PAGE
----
Boots the Chemist has a presence on the vast majority of the UK’s high streets. As an organisation its public face is akin to Radio 4: timeless and giving a comforting sense of stability.

But like all successful organisations, Boots has, at all times, been successfully transforming itself to meet the needs of its customers and a changing business landscape, while also remaining true to its traditions.

A wealth of change is going through the organisation at present and as ever, the CIO is at the heart of this change. Andy Haywood is IT director of Boots in the UK and met CIO at one of the pharmacist’s key stores on the outskirts of the beautiful city of York.

“Boots is unique for its mix of retail and pharmacy,” says Haywood. He cuts a lithe figure, almost like a marathon runner in appearance, and looks relaxed in both the training room in which we talk and on the shop floor which, after all, represents the front line of his business.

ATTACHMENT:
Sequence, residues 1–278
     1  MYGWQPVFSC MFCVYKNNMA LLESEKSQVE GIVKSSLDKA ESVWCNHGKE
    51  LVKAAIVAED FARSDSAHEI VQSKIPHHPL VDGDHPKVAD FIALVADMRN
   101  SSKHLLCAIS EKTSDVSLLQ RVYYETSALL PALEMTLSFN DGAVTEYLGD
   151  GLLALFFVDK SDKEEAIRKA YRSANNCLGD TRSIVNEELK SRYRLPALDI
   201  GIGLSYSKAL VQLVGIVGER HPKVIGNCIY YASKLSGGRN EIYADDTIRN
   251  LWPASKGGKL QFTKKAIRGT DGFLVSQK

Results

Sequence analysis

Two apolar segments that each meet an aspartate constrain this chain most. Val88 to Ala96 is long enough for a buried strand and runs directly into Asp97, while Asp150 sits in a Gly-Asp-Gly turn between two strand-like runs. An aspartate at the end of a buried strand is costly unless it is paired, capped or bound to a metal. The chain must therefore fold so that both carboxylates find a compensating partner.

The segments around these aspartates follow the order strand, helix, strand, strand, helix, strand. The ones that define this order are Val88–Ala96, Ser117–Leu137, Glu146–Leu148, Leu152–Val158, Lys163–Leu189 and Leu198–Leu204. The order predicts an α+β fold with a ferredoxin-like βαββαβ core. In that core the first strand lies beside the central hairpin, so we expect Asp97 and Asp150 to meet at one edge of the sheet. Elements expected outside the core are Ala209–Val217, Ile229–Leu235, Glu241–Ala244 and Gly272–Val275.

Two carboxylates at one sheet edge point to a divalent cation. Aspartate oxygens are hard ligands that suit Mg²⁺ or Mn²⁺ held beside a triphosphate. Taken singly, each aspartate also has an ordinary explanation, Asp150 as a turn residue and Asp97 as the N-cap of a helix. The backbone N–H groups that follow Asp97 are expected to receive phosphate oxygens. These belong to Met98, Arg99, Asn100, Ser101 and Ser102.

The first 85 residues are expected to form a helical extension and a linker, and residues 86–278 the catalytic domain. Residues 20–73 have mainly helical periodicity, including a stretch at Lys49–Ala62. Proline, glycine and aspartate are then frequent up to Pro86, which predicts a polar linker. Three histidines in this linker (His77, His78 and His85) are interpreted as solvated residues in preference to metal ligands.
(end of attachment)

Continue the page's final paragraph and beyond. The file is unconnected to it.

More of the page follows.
Retail is very tough and in the UK it is world class and the competition is good for Boots and it is good for us in IT. The spread of the business means that most retailers are a type of competitor.

“In the UK Boots has 2500 stores, the head office and a significant supply chain,” Haywood says of the three critical pillars of the business.

Haywood is excited about the central role which technology and he are playing at Boots as the company undergoes a three-year transformation plan.

“Technology is being seen as an integral part of what we do. The brilliant thing about the setup is that I report to the Transformation Executive Director and he’s on the UK executive board.

“Transformation is a three-year plan, driven by technology. The investment is very very significant, and higher than any previous investment cycle. We’ve got the biggest transformation agenda in UK retail,” he explains. Supply chain, multi-channel retail and the back office are all seeing their technology renewed.

“We are just starting year two of a three-year plan. In the next three months we will look at the next three-year plan. In the back office we are looking at releasing the legacy spaghetti that most retailers have with a new enterprise resource planning (ERP) system across retail and pharmacy.

“We have to have a scalable infrastructure back in the support office. If we can get that right the speed from which we deliver products, the supply chain efficiencies that we can drive mean that we can then get the right products to the customers.